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The Guardian 15th March 1997, Michael Billington

We talk a lot about political theatre. Very few plays, however, deal with the way the power-structure actually operates: Shakespeare’s Coriolanus, Schiller’s Wallenstein, Trevor Griffith’s Occupations, David Edgar’s The Shape of the Table leap to mind. To that list one should add Harley Granville Barker’s Waste, one of the best political plays of the century and one that gives Peter Hall’s new tenancy of the Old Vic a tremendous send-off.

Waste, dealing with a radical politician destroyed by private scandal, had a famously chequered history. Granville Barker’s original version, written in 1907, was banned by the Lord Chamberlain: an act of political censorship masquerading as moral indignation. As Penelope Gilliatt once pointed out, “In terms of sexual conventionality, the play commits no more offence than a Victorian melodrama.” But the ban helped to kill off Barker’s adventurous management of the Royal Court. In 1920 the play was finally licensed and Barker took the opportunity to re-write it in the light of recent political events. It is this 1926 version that Peter Hall currently presents.

But why is the play so powerful? Partly because it deals with the intersection of politics and morality. Henry Trebell, and Independent MP, is the architect of a Bill to disestablish the Church of England and to use its funds to finance new schools and colleges. The Tories, expecting to regain power after an election, plan to absorb Trebell into the Cabinet and appropriate the Bill. But when Trebell has a fling with a married woman who dies after aborting his child, the Bill is scuppered and Trebell discarded.

On one level, the play is about a tragic flaw in the English character: possibly one in Granville Barker’s own. Politically, Trebell is an idealist: emotionally he is heartless. He is fired by the idea of turning unwanted country houses and abbeys into new universities; yet he casually seduces Amy O’Connell, discards her instantly and, even after her death, brutally dismisses her as “a trull”. Granville Barker pins down the divorce between ideas and sensibilities that runs right through English life: something Michael Pennington’s superb performance as Trebell perfectly catches. There is an astonishing moment when, having learned that Amy is bearing his child, he returns to the practical business of political manoeuvre with almost schoolboy relish. The Bill, you suddenly realise, is his real baby: the one that he is most anxious not to see aborted.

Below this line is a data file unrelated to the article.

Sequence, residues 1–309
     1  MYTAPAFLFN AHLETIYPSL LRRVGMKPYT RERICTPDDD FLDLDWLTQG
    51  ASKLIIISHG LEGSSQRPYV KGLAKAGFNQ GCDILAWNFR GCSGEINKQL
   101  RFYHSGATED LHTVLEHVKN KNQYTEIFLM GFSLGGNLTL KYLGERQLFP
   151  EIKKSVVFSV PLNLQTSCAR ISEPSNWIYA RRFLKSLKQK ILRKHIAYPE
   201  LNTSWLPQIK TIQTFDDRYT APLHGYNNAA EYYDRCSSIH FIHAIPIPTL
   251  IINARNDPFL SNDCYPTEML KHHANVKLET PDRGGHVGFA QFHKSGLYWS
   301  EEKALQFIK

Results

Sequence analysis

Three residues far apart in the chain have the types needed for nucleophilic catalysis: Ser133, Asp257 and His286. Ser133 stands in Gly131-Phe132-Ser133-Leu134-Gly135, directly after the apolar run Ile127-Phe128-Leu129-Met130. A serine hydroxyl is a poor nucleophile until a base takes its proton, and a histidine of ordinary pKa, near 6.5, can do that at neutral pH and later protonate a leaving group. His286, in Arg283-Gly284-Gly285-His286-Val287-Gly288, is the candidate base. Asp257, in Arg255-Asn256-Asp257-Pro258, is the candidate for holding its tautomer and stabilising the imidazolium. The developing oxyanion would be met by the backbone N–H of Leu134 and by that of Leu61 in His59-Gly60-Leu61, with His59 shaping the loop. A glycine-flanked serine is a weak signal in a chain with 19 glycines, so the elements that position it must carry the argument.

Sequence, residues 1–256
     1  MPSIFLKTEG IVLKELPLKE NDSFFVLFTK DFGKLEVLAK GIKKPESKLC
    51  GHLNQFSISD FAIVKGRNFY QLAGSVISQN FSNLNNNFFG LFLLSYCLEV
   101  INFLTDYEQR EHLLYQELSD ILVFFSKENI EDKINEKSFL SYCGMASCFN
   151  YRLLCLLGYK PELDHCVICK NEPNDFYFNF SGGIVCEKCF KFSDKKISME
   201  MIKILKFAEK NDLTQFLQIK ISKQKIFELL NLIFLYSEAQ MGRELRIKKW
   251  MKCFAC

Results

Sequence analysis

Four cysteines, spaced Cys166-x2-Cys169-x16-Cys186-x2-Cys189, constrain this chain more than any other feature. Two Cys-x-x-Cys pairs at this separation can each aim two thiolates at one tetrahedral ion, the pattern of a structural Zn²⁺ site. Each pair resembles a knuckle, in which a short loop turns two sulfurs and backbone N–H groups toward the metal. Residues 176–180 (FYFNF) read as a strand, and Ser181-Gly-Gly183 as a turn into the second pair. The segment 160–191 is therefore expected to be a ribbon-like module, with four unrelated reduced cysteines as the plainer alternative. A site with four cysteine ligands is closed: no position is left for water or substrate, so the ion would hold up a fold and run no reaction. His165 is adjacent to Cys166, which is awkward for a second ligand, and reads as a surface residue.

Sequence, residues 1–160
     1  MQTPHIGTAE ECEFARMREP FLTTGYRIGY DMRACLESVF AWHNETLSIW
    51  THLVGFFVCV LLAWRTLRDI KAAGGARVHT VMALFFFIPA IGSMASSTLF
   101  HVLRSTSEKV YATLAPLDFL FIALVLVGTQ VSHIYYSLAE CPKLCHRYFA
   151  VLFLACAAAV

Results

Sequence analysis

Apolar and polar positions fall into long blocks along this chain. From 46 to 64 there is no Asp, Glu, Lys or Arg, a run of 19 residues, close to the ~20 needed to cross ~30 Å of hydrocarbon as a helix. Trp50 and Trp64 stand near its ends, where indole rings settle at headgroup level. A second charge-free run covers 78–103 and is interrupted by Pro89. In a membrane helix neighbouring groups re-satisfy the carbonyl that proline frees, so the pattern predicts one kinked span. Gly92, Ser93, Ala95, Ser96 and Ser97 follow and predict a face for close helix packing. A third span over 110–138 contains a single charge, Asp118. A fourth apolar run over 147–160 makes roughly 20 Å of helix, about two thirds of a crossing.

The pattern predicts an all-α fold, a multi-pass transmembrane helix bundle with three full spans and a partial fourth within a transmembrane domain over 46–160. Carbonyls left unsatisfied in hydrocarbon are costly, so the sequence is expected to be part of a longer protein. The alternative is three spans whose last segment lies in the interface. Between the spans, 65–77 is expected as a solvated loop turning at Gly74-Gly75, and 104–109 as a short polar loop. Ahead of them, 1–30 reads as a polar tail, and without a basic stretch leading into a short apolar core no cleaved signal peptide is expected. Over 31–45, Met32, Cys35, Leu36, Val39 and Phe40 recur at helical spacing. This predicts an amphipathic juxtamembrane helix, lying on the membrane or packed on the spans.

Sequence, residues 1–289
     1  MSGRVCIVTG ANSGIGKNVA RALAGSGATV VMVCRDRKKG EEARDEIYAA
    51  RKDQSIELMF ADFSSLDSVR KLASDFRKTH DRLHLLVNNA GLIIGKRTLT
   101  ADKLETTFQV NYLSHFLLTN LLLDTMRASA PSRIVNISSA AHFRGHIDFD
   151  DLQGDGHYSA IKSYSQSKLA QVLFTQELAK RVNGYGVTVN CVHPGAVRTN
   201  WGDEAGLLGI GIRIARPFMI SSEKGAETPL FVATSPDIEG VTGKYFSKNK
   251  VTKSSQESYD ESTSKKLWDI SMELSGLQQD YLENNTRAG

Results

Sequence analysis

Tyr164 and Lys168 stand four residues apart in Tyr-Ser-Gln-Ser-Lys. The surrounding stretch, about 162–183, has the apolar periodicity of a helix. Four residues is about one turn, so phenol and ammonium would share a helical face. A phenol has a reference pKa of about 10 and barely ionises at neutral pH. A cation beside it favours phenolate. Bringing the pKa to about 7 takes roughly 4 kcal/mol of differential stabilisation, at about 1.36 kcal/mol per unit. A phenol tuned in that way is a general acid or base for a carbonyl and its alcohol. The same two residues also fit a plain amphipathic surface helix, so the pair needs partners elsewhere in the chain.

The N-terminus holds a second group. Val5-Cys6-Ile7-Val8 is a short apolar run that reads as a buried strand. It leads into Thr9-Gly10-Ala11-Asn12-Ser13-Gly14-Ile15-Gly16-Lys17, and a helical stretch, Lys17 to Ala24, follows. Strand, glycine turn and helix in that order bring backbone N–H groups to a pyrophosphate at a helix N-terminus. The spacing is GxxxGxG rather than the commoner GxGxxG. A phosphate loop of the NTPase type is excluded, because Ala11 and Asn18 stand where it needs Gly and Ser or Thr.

But Granville Barker, who spent much of his life on committees, also understands the dynamics of power; and his play’s most compelling scene is the one that shows the putative Tory MP realising that he will have to jettison Trebell to hold his Cabinet together: Trebell is not so much ruined by scandal – the silence of the dead woman’s husband is easily bought – as by a battle for the Chancellorship of the Exchequer: Granville Barker’s real originality lies in showing the political process at work: in particular,  the way a radical proposal that would transform British life is at the mercy of private ambition. And it is not difficult to see parallels today with Tory politicians distancing themselves from Europe in order to improve their chances of gaining the leadership.

There is one premise in the play that I find hard to swallow: the idea that the Conservatives would back a radical Bill to rob the Church of its vested interests. But what Granville Barker understands is the way politics work; the way visionary ideas are bedevilled by short-term ambitions and private character-flaws. Although he inherits the conventions of society melodrama, he was also a sexual realist. At one point Trebell says to Mrs O’Connell, “When you arched the instep so, I could hear the stocking rustle” – a sudden touch of Pinter in a play about high political society.

It is the ideal work – unfamiliar but analytical of English public life – with which to kick-start the new Peter Hall regime at the Old Vic. And he directs it with the same alertness to the interaction of character and ideas he bought to Oscar Wilde; though I wish he would do something about a downstage chair that, for those on the extreme left, blocks the view of Denis Quilley’s Machiavellian Tory leader during a crucial scene.

The casting throughout is on the highest level: fine performances not only from Pennington but from Felicity Kendal as his wantonly abandoned mistress, from Anna Carteret as his celibate sister who, like himself, is a stranger in matters of the heart, from David Yelland as a doctor privy to political secrets and from Peter Blythe as a High Church Tory who, as someone says, explains why the symbol of the early Christians was a fish.

The Old Vic promised 12 plays performed in repertory over the next 40 weeks: the irony is that, if it continues to operate on this level, it will offer a direct challenge to the National Theatre which was largely the brainchild of none other that Harley Granville Barker.

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